Speaking of the Diablo range, there is a very special trail linking Fremont to Del Valle, the Ohlone Wilderness Trail. Special because it has been the course of the challenging Ohlone 50K since 1987 (36 years minus a few cancellations due to either weather/trail conditions, or a certain pandemic). Special because I ran the race 12 times including 6 overall wins and 4 other podiums (quite a few posts on my blog). Special because I had always felt some unique inspiration and connection with the Ohlone spirit at that race without realizing there were still tribe members in the area. Of course I had seen maps from the past like this one showing the large number of tribes as well as the adjacent Miwok culture, which has a 100K race named after it as well. (Credit: By Noahedits - Own work, CC BY-SA 4.0, https://commons.wikimedia.org/w/index.php?curid=83967945). But that just looked like a page of a history book without much existence left today.

I had seen a mention of the Muwekma Ohlone Tribe in the event invitation and was excited to have an opportunity to learn more about their current status and work toward reclaiming and regaining access to the land so critical to their culture, a cilture which has been so deeply connected to our area, before the colonization, the agricultural development of the Valley of the Heart's Delights, then the industrialization and development of what is known around the world as our Silicon Valley. Little did I realize that half the event was going to focus on this community, what a blessing!

This Muwekma Ohlone tribe was represented that evening by at least three generations. Its Preservation Foundation is 600-strong, down from an estimated 10 to 20,000 when the Spanish missionaries arrived in the area in 1769. They told us about the importance of land to keep their traditions alive, they even spoke to us in their native language. About the challenges of preserving or reviving their traditions in a place which became so overprice and their original land being taken away from them.

Look at this chart presented by Dr. Wall Kimmerer showing how the European wiped the Native Americans from their sacred habitat. When a picture is worth way more than a thousand words... (You figured out that green is the land owned by Indians and the dates are 1775, 1850, 1894 and 1992.)

My notes about Dr. Wall Kimmerer's speech can't make justice to a life dedicated to the sensitive topic of land equality and land justice. Please refer to her books:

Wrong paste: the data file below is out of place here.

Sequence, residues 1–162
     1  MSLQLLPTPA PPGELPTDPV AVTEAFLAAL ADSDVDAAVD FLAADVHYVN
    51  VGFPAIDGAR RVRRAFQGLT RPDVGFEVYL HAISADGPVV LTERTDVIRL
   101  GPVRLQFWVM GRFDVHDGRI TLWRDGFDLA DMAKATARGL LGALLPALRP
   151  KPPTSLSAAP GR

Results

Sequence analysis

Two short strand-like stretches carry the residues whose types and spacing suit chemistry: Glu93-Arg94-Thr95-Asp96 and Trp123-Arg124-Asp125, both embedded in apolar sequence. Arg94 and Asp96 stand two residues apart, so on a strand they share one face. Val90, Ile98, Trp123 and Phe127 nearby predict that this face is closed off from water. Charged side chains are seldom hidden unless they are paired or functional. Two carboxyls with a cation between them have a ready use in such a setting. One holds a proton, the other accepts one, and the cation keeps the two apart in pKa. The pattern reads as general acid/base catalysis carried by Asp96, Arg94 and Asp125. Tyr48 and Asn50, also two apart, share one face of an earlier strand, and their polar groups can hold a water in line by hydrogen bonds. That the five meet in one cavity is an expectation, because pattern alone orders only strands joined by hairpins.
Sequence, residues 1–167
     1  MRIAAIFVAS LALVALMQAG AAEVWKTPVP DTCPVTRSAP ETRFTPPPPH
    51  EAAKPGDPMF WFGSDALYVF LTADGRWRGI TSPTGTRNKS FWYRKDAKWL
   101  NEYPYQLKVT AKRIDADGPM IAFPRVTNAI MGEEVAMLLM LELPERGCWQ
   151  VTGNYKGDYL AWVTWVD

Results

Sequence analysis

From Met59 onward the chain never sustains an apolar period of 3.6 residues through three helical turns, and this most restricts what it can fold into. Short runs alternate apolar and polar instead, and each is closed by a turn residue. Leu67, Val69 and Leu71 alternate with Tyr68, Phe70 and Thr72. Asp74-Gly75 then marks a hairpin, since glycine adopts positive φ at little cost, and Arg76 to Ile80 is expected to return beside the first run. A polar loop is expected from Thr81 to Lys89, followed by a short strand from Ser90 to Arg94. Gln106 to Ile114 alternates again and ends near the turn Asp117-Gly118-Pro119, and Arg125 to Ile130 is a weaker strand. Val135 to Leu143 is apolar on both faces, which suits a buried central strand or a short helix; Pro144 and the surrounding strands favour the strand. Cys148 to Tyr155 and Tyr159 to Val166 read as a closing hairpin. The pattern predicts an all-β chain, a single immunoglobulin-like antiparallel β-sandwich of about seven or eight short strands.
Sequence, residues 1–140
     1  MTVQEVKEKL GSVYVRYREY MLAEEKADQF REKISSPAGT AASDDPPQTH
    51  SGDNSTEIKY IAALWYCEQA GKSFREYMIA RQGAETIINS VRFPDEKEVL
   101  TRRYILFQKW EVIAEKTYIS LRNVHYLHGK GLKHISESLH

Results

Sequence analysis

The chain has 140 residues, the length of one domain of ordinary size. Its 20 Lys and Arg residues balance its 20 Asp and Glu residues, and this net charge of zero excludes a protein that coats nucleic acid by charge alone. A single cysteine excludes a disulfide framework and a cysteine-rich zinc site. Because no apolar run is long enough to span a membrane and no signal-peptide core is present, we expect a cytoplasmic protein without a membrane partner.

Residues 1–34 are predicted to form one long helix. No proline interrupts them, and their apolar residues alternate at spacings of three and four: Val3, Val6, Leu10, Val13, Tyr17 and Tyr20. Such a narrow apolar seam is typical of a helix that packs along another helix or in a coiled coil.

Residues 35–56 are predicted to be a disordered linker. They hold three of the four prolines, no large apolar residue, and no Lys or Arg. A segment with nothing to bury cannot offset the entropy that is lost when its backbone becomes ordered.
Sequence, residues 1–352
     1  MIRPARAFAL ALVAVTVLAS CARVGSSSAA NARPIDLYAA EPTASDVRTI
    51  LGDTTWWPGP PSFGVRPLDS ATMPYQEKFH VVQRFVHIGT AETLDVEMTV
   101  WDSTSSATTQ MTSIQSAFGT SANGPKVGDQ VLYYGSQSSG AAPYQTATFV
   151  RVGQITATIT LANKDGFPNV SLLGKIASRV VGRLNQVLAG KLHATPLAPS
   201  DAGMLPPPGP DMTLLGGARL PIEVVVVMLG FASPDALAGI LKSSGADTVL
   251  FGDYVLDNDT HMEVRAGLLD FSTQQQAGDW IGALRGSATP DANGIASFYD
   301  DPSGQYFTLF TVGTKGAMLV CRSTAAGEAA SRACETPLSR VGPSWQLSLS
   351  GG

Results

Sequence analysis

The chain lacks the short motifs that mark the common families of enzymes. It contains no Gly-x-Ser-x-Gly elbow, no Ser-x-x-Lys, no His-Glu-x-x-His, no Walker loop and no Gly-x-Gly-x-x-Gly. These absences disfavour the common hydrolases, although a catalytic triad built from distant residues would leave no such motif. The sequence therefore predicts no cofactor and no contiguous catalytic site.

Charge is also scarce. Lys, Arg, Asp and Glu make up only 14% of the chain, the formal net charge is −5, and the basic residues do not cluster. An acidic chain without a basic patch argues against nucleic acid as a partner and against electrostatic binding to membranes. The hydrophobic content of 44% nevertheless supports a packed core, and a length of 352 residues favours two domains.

• Braiding Sweetgrass: Indigenous Wisdom, Scientific Knowledge and the Teachings of Plants (with Spanish, Catalan, French and Italian translations available)
  • Gathering Moss: A Natural and Cultural History of Mosses

Below are a few notes and quotes then, for those who couldn't attend either at the sold-out venue, the Cal Theater of San Jose, or online among more than 2,000 other attendees. I also stole a few snapshots from the presentation, see at the bottom of the post. (After I wrote these lines, I found out that the whole 90-minute evening was also available for replay on YouTube.)

  • To set the mood and also using some Native American language from the Great Lakes area, Dr. Wall Kimmerer express gratitude, and what we should have gratitude for as well.
  • "People are healthy when the land is healthy, not healthy when the land is not healthy."
  • To challenge our Western views, she shared the vision which have allowed tribes to live in harmony for so many centuries before Caucasians invaded North America: "Earth is like a single dish, with only one spoon"; not a big spoon for some and small one for others; and everybody shares the same dish; this is the fundamental view leading to land justice.
  • Everybody has gifts and responsibilities, we all have. They are 2 sides of the same coin Up to use to create land justice. Gifts can include wealth and money, time, knowledge, caring, or land...
  • Our opportunity is to combine indigenous and western sciences. How do we learn from both eyes or optics. Bio diversity + knowledge diversity.
  • And a big warning regarding human exceptionalism and white exceptionalism, by failing to recognize and accept the differences. We need to care about all, like birds and people, not one or the other. So more human citizens can live! As well as non-human relatives.
  • Reference to the work done by terralingua.org. Notable how highly correlated biodiversity and indigenous life are (biodiversity increasing where indigenous are in charge of the land, or vice versa).
  • The critical importance of TEK: Traditional Ecological Knowledge. When high tech meets high TEK! ;-) (See articles like in/from YaleEnvironment360, National Park Service, OxfordAcademic's BioScience)
  • There is value in leveraging the Western materialistic and objective lens, as long as it is combined with the other lens.
  • Land justice is requiring reciprocity and healing the damage, toward restorative justice (see the #LandBack movement).
  • The concepts of Re-story-ation, the importance of ceremony, reciprocal restoration (have you noticed how many National Parks start with the settlers point of view as opposed to the original indigenous history and background; one reason why it's critical to restore original names of lands and places).

Overall, Dr. Wall Kimmerer reminded us that we, too, were going to be the ancestors of the next generations, that all lands become ancestral lands, asking the question: "What kind of ancestors do We want to be?"

The presentation was followed by a round table including the leaders of the Muwekma Ohlone Tribe: Charlene Nijmeh, Chairwoman (bio) and Monica Arellano, Vice Chairwoman (bio).

And a moving plea and calls to action to us all:

  • Financial donations always welcome of course to the Muwekma (GoFundMe) and POST (with IBM matching IBMers' gifts)!
And if any of you have web skills, looks like the muwekma.org website could get some lift; another way to give!
PS: here are a few screen shots, sorry to the parallax; not a fan at all on a flight but next time I need to get a middle seat! ;-)